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ASSUREDLY THE GRIM REAPER HAD NOT BEEN ASLEEP during that first month of eighteen-hundred and ninety-two: Not in the Big Bend Country, Company D's territory. Subsequent to slick undercover work, Diamond Dick St. Leon, the former-Ranger, had infiltrated and ingratiated himself with a nasty gang of Mexican ore thieves at Shafter. Surreptitiously, after talking with Diamond Dick, Corporal John Hughes and Private Lon Oden knew where to take a tactically advantageous position on that twelfth night of January. St. Leon would be acting as the rear guard for the gang's pack-train of stolen ore, treasure being shipped under the cover of darkness from Shafter to the Rio Grande—and across. Unbeknownst to Matilde Carrasco, José Villeto, and Quinlino Chaves they would never see or feel the warmth of Big Bend Country sunshine again. The ambush—law enforcement interdiction—had been blueprinted with buckshot perfectly. Whether or not the challenge to throw up hands and surrender was hurled before or after the Rangers’ shotgun blasts is somewhat irrelevant now, certainly not of any concern for Villeto and Chaves—they were sledgehammer dead. During the initial gunfire Carrasco had been wounded and might have survived had he not opted to fight a little longer. Apparently it had not even dawned on the cleverly duped Matilde that Diamond Dick was really not his friend. So, almost effortlessly when Carrasco repositioned himself to pop a few caps at the two suitably concealed Texas Rangers: “St. Leon rose up and shot him between the eyes.”1

 

10. Undaunted Courage and Fine Generalship

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SPRINGTIME OF 1893 HAD CLOSED finding U.S. Deputy Marshal/Special Ranger Baz Outlaw sitting in a reasonably good position career-wise. Certainly, despite the intermittent drunken and messy imbroglios of the past, maybe his word about foregoing taking a drink would stand good. Unquestionably, several Big Bend Country folks thought he was yet the man to turn to in a crisis. John Humphries, the storeowner previously advancing Baz cash in lieu of Captain Frank Jones forwarding Outlaw's quarterly pay vouchers, apparently had forgotten and/or forgiven—or it never had amounted to too much in the first place. Subsequent to some intricate consultations of a serious nature, John Humphries carried the message. Civilian Humphries wrote to Baz Outlaw enjoining him to exercise his authority as a federal officer: Proclaiming to the deputy marshal that the “Mescal business” at the Chispa Coal Mines must be stopped. The novice would-be lawmen had concocted what they believed was an ingenious plan. As it was spelled out to the Deputy U.S. Marshal, they would furnish him—loan him—a Winchester, horse, and saddle for the job.1 Then he could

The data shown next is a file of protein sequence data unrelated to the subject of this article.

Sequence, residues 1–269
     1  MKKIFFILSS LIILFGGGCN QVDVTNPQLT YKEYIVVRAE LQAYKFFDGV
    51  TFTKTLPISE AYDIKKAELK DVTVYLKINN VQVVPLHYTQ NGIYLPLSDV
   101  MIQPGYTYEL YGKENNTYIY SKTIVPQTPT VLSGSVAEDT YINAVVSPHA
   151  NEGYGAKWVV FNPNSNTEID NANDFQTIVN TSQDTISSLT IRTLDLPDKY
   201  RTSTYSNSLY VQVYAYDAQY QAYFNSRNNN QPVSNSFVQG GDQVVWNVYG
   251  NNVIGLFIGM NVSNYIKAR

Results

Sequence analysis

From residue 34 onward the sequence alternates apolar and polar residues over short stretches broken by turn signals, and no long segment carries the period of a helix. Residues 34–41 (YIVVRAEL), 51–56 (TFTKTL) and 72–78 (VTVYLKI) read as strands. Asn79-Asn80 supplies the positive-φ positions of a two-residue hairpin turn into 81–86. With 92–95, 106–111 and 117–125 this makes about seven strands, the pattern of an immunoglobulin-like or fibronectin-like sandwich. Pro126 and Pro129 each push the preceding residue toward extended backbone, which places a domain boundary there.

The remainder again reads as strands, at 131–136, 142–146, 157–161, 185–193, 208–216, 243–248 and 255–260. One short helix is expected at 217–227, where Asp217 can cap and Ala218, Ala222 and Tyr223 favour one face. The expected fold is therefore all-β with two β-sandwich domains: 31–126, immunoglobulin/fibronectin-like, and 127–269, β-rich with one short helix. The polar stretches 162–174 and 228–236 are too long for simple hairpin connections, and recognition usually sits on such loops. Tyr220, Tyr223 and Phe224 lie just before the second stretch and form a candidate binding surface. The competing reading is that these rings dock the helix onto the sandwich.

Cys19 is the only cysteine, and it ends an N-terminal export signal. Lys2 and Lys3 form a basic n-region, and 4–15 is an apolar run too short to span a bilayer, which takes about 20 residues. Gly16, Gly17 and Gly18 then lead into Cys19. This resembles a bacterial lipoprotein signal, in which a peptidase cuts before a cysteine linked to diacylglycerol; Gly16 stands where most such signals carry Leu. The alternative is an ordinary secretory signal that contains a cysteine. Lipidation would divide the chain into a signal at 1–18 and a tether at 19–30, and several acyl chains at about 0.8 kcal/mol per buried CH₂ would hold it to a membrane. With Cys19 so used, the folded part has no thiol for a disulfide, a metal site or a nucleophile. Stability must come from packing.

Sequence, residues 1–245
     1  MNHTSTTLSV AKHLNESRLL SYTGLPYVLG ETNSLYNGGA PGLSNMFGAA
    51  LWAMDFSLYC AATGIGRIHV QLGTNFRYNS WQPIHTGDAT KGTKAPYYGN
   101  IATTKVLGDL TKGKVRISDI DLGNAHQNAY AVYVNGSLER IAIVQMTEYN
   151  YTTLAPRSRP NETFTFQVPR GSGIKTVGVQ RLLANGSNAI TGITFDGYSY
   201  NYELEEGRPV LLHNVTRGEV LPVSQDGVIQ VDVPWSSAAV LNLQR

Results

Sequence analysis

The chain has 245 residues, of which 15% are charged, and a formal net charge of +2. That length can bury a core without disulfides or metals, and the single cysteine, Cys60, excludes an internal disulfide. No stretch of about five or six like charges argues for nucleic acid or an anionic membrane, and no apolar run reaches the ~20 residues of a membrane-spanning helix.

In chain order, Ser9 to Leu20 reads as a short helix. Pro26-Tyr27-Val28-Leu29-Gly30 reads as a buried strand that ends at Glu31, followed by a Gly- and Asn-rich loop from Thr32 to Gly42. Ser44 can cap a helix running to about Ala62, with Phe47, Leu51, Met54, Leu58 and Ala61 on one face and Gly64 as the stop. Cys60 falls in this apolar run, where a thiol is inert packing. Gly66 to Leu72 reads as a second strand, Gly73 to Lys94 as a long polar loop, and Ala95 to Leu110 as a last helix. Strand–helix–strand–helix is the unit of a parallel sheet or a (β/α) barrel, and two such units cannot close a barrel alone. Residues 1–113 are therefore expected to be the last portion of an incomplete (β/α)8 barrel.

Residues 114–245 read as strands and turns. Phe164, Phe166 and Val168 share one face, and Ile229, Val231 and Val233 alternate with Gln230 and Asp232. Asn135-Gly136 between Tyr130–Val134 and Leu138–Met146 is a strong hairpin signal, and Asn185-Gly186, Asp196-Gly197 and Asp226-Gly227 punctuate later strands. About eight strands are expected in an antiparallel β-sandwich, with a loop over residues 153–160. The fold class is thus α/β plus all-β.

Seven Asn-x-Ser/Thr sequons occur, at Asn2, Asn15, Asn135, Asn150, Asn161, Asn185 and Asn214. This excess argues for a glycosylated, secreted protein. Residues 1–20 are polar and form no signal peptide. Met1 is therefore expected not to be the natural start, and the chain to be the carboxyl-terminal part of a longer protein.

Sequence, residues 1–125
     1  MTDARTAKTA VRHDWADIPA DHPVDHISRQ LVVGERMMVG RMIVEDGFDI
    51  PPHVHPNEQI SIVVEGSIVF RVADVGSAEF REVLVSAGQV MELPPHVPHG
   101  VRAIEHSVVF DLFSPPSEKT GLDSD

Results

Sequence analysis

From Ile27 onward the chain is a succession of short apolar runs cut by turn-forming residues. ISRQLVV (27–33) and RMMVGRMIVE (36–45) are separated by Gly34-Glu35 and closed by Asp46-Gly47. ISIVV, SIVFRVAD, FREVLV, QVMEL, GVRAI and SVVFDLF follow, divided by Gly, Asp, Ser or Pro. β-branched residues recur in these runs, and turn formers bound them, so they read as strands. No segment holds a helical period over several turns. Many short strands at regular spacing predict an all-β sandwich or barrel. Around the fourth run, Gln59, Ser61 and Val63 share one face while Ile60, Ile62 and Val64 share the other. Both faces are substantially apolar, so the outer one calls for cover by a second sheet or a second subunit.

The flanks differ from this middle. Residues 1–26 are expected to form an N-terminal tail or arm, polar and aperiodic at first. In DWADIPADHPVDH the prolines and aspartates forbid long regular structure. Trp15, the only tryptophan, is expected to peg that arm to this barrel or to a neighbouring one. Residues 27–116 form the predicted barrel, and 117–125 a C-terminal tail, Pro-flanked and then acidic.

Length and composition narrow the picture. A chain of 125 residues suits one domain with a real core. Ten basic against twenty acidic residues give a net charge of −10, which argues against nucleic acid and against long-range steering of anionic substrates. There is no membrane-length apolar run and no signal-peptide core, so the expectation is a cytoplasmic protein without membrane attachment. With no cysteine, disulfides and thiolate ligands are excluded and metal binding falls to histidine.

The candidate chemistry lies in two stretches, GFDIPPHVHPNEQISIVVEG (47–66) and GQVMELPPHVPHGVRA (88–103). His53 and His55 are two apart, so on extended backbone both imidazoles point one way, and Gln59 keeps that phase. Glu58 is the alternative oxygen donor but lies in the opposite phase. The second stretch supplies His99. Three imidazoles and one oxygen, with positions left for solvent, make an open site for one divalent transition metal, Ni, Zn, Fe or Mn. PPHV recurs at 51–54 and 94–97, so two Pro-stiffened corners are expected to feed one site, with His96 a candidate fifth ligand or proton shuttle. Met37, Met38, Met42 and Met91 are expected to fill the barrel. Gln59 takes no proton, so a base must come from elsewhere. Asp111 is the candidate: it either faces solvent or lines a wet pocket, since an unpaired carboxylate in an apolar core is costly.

11. In Arrest when he Died

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THE PREVIOUS YEAR MAY HAVE BEEN PUT TO BED, but 1894 El Paso was wide awake, one of those emblematic towns of the popularized Wild West era that never slept. And if she did need to nap for a minute or two—or readjust unmentionables—well, Ciudad Juárez was across the river. Though there were many nice folks residing there, industriously earning wholesome livelihoods and occasionally attending performances at the opera house or variety theaters, or churchy socials, or even lacing up roller-skates at one of several rinks, other amusements were tolerable. Far and wide throughout the nineteenth-century Southwest—the lively city was not necessarily known by her proper name, but as already cited, Hell Paso, the Monte Carlo of the West. One scribe said the place was wide-open, “tough as an old boot, mean as a sore-headed bear.”1

Aside from laying down a bet, were one so inclined laying down a whore was effortless, too. A business transaction—nothing more, nothing less—it was. Good for the patron, the prostitute, and the madam and the city who was taking her cut by winking and turning her head, all the time collecting fines—de facto licensing fees—from the daughters of joy.2 Even the city's attorney would lament that the practice was “radically wrong in principle and right has been sacrificed to profit.”3 And one of those ladies of the night with a plunging neckline and plunging her indomitable spirit into America's dreamscape model of capitalism was Mathilde Weiler, aka Miss Tillie Howard, a Wisconsin native—maybe—who had scrimped and saved, investing her $2,200 in cash for a fancily appointed parlor house at 307 South Utah Street, in the very heart of El Paso's Tenderloin District—or the Reservation—as whore house row had then been euphemistically christened.4